July 12, 2016
Fil-Am Youth Corner

Perceptions of a Young Fil-Am

What is it like to be a young Filipino-American here in Santa Clarita? I can’t really put it into simple words, and I’m sure no one else can either. Growing up, I can only recall my experiences with my culture through feelings.  

It’s the sound of bamboo poles rapidly tapping against each other.  

It’s the sweet, rich taste of halo halo melting in my mouth.  

It’s the sour scent of adobo and the sugary aroma of turon luring me to the kitchen where a feast of Filipino foods await me.  

It’s the rainbow of fabrics that flashes before my eyes as Filipina women rush to the stage to perform a dance.  

It’s the warm feeling on my skin as my titas embrace me when I enter a room.  

It’s home, and I want to share this experience with others.

It is a huge accomplishment that my generation of Filipinos/a knows so much about our culture. I honestly haven’t met a single Filipino my age who has never celebrated some aspect of the Filipino way of life. It is to the older generations, the parents and the grandparents, that Filipino culture continues to have a strong presence among young Fil-Ams.

Unfortunately, there are still some Filipino kids out there who know very little about their culture, and in my opinion, some of them may not just care. They want to assimilate into American society and be as American as possible. They want to have lavish Sweet Sixteen birthday parties, join the football team, and just do what their non-Filipino/a friends want to do. Is there something wrong with that? Not necessarily. It makes sense that they want to practice American traditions when they live in the U.S.

However,  America is also famous for being one big melting pot. It’s a land where people from all over the world can be together and share aspects of their cultures with each other. Muslims can practice Ramadan in the same country where Catholics can also practice lent. Every day, someone is celebrating their Sweet Sixteen, quinceñera, Bat Mitzvah, or Debutante somewhere in the U.S. In any public place, there are people of all ethnicities and races walking around and socializing with each other. It’s where cultures can be shared and people embrace them with open arms.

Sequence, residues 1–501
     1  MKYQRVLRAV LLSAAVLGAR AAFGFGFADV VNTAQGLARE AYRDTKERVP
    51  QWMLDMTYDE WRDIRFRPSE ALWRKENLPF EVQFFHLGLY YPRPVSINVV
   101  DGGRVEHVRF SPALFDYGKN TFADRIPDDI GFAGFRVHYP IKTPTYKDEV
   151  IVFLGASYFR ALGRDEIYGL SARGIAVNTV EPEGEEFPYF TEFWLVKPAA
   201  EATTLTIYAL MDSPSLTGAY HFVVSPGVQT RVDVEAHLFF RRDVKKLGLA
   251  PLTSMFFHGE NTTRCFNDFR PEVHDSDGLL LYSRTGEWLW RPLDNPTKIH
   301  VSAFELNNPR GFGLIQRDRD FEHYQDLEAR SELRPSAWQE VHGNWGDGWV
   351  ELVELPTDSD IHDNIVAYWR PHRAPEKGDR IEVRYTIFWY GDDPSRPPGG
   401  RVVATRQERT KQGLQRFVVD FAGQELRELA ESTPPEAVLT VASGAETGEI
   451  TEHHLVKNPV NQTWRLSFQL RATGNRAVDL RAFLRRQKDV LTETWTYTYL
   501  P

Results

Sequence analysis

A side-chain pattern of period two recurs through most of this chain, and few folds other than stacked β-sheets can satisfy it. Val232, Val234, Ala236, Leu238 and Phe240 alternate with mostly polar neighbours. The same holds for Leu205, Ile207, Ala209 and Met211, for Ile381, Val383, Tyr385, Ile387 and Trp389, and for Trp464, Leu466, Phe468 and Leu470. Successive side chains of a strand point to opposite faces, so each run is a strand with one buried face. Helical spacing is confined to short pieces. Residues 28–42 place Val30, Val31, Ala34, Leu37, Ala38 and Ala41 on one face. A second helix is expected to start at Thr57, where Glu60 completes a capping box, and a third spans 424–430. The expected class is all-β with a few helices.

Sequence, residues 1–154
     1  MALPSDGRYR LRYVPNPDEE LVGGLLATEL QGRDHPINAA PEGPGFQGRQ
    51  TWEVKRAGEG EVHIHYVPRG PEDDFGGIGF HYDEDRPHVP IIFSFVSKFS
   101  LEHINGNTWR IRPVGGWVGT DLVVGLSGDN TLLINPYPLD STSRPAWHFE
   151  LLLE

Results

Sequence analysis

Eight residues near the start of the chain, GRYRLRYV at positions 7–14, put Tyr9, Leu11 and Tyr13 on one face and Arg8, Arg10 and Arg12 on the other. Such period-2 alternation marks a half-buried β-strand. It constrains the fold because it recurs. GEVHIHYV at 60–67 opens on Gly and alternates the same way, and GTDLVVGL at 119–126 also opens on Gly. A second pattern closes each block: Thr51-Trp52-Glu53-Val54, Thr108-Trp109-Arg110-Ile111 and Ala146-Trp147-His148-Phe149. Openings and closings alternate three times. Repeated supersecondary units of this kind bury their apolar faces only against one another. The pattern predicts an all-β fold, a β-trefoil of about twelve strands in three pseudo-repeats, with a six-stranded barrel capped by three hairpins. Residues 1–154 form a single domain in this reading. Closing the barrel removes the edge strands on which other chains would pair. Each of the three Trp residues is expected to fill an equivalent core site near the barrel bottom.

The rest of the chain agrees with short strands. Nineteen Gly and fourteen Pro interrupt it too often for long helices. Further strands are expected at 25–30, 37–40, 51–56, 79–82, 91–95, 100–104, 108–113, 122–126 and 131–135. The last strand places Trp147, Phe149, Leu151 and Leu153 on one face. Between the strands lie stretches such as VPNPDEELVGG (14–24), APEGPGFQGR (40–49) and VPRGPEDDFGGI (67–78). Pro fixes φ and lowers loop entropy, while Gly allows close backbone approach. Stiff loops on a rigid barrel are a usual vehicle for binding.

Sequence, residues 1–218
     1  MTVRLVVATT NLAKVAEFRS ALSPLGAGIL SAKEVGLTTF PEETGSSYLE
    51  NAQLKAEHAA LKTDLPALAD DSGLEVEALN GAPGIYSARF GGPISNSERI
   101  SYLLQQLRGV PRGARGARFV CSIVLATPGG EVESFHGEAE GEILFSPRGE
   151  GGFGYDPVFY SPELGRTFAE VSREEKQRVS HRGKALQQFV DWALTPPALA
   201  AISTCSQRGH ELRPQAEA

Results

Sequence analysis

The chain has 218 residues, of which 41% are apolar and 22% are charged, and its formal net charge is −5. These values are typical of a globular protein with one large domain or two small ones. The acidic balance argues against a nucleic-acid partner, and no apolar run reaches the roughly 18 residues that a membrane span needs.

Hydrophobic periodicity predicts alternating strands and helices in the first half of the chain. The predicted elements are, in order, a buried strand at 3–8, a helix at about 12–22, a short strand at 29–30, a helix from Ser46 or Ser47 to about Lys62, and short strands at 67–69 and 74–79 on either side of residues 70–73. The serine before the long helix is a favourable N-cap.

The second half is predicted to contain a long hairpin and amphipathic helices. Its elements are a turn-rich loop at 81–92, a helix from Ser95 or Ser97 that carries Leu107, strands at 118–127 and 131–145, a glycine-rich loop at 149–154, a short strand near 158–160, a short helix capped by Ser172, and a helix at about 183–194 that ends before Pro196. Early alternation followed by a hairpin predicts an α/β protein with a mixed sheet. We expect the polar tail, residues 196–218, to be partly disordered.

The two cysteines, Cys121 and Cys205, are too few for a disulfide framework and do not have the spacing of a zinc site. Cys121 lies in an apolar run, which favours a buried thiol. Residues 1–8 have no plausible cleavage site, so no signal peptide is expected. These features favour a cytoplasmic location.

So this is my wish to my fellow  young Fil-Ams reading this: it doesn’t matter whether you can speak tagalog or not. It doesn’t matter if you have never tried pancit in your whole entire life, or if you eat it almost every day. It certainly doesn’t matter if you’re part Filipino or if you’re a full Filipino. If you know every single thing there is to know about Filipino food and dances and other traditions, then share your knowledge with others. Bring them to Filipino restaurants. Tell them about the times you nearly sprained your ankle when you did Tinikling. If you don’t know anything about Filipino culture, perhaps you can educate yourself.  

I learned a lot by joining the Fil-Am organization, which is why you should join one if you haven’t yet. Find a Filipino (like the one mentioned earlier) and I am sure that he/she will gladly show you everything he/she knows about the culture (trust me, you will definitely find someone like that). No matter what, you are still Filipino. All I ask of you is that you be proud of your heritage, because it is one of the things that defines you as a person.

Abigail Gordon
2016 Fil-Am Scholar